According to the invention a single TTP module 34 is used for mapping text directly into pronunciations based on a common multilingual phoneme set in the pronunciation lexicon module 32. That is, the multilingual TTP module 34 outputs a sequence of multilingual phoneme symbols based on written text as input, see FIG. 4. This sequence of multilingual phoneme symbols is used for generating the pronunciation by means of a pronunciation lexicon module 32 for a multilingual recognizer 33 based on multilingual acoustic phoneme models.

The basic idea is, just as for multilingual acoustic modelling, to observe that a number of phonemes are shared among different languages. Often the same mapping between letters and phonemes exist in several languages, e.g. the letter “p” maps to the phoneme “p” (SAMPA notation) in most contexts for both English, German, Finnish and Spanish. By using the same model for similar mappings, savings in parameters can be obtained compared to using a separate TTP model for each language.

Naturally, some letters are pronounced quite differently for different languages. The ML-TTP approach (FIG. 4) will therefore only be successful if the ML-TTP module 34 is capable of producing multiple, alternative phoneme symbols for such letters. The alternative phonemes are then used to create a branched grammar. The principle of branched grammar decoding in combination with a multilingual TTP module 34 is illustrated for the name “Peter” in FIG. 5. The name “Peter” is pronounced quite differently in different languages, but using a multilingual TTP module 34 along with branched grammar decoding allows for capturing all pronunciations that are allowed in the set of languages supported by the multilingual recognition system. The different phonemes at each position can be weighted with probabilities as given by the multilingual TTP model, see FIG. 5. This is possible when using e.g. neural networks for TTP as they can directly give estimates of the posterior probabilities of the different phonemes for each letter input.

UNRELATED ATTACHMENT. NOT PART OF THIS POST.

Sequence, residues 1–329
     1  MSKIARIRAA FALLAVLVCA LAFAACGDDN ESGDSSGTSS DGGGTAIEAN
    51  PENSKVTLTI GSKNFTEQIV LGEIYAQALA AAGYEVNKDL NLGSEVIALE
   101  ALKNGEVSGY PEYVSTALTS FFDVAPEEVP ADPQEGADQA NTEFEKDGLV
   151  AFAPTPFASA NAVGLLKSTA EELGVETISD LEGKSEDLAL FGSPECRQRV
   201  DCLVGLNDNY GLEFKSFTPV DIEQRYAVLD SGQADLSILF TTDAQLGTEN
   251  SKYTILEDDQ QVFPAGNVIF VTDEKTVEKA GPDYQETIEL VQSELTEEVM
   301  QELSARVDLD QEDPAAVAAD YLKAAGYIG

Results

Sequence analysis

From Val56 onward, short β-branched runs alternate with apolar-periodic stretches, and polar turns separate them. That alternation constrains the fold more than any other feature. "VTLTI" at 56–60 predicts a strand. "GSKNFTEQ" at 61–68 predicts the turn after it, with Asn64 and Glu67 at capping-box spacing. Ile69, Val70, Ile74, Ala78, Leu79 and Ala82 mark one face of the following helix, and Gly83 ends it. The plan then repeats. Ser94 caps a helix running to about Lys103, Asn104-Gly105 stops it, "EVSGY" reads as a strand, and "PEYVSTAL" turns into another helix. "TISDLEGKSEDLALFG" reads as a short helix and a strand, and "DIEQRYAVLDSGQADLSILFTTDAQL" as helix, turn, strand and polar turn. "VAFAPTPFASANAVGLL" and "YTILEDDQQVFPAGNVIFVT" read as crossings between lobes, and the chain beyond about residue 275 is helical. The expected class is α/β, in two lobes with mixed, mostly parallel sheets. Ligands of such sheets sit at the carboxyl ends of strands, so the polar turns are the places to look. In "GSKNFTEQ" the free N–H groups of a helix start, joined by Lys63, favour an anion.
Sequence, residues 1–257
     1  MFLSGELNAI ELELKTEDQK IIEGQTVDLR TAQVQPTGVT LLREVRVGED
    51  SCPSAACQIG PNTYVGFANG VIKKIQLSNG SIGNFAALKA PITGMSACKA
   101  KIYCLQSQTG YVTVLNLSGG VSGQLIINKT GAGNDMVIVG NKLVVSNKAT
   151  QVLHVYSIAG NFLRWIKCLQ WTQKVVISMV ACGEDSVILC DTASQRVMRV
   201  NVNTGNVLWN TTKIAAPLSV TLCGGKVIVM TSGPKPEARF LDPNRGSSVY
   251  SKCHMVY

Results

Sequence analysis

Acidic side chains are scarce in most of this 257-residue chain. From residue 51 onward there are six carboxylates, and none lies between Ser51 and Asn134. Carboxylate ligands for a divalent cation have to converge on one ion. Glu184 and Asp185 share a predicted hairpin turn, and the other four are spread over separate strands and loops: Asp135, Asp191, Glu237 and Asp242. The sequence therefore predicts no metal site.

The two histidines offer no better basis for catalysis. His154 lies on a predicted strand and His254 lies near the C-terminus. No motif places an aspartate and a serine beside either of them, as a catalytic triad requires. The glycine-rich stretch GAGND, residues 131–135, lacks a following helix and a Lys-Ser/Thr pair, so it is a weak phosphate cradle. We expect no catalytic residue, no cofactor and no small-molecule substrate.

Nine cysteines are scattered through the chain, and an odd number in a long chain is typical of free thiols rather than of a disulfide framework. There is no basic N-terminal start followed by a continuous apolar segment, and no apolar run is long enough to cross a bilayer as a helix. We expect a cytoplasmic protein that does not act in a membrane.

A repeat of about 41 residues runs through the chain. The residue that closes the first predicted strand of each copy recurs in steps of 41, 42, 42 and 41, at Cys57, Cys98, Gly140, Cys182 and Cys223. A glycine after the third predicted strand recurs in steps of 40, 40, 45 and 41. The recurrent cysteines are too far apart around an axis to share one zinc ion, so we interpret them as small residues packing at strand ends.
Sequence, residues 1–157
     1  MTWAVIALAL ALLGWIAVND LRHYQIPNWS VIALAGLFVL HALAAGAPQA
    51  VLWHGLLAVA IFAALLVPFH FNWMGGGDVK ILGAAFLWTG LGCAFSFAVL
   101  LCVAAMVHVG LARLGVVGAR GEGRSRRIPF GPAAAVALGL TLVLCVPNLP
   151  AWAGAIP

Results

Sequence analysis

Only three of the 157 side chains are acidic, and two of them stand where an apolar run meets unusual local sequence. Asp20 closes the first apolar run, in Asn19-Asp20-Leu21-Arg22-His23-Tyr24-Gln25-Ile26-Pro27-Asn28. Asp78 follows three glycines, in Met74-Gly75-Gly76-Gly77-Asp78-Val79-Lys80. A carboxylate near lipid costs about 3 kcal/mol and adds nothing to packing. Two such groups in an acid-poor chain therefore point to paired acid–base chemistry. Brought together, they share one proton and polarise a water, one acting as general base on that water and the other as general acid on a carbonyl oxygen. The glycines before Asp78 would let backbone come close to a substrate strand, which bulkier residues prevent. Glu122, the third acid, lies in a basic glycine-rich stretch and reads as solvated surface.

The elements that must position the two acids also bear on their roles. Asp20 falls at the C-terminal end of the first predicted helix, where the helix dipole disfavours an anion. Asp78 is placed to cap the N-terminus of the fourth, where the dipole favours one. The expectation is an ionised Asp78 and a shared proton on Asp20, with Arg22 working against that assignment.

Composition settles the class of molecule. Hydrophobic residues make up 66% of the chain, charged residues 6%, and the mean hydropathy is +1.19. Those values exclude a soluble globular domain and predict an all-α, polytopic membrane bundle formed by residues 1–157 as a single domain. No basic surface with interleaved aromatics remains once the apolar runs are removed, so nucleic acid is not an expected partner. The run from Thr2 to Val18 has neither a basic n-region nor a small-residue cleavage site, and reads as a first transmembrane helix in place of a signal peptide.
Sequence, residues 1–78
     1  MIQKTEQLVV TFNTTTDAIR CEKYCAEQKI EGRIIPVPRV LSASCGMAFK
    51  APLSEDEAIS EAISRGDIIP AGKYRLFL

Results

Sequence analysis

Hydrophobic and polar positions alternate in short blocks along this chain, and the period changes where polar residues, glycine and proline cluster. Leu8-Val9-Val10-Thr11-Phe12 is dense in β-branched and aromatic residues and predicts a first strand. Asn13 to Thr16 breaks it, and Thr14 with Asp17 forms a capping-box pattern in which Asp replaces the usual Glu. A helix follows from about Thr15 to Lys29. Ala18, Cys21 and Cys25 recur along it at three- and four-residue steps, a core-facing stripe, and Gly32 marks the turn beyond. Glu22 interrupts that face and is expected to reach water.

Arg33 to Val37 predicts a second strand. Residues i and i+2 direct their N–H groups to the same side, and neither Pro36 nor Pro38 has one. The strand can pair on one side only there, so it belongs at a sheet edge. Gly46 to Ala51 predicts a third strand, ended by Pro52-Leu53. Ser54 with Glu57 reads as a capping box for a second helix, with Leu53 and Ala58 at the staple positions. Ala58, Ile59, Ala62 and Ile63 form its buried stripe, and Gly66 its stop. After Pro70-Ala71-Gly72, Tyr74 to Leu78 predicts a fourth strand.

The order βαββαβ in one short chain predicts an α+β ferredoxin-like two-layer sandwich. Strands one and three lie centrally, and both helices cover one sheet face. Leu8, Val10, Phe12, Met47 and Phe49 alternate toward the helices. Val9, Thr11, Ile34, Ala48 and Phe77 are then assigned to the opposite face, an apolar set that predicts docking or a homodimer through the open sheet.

It should be noted at this point, that when a Viterbi decoding scheme is used, only one of the possible phonemes are selected at each position during acoustic decoding. However, if an all-path forward decoder is used, all phonemes at a given position gives a weighted contribution to the score of the word, see FIG. 5. Thus, a forward decoding scheme will in principle allow pronunciations that are a mixture of several different pronunciations.

Experiments

The ML-TTP method for transcribing written text into phonemes has been compared to a number of alternative TTP methods in a multilingual speaker independent name dialling task. Four languages, Finnish, German, English (US and UK), and Spanish, where used for design and evaluation of the overall system. For these four languages the total number of mono-phonemes is 133 corresponding to 39 phonemes for English, 28 for Spanish, 43 for German and 23 for Finnish. However, by defining a common multilingual phoneme set sharing similar phonemes, the total number of mono-phonemes can be reduced to 67 without affecting overall system performance. For testing of the overall system recognition rate a in-house test performed by the assignee of the present patent application set for each of the four languages was used. The test set for each language was based on a 120 word vocabulary of names (90 full names, 10 given names and 20 foreign names). The total number of test utterances was 21900: 5038 for UK English, 5283 for Spanish, 7979 for German and 3600 for Finnish.

A short description of the TTP, LID and multilingual acoustic model architecture, set-up, and training is provided below.

TTP Mapping Module

Four different approaches for TTP mapping have been considered in this work:

TABLE 1
TTP training set sizes, model architectures, and model sizes. The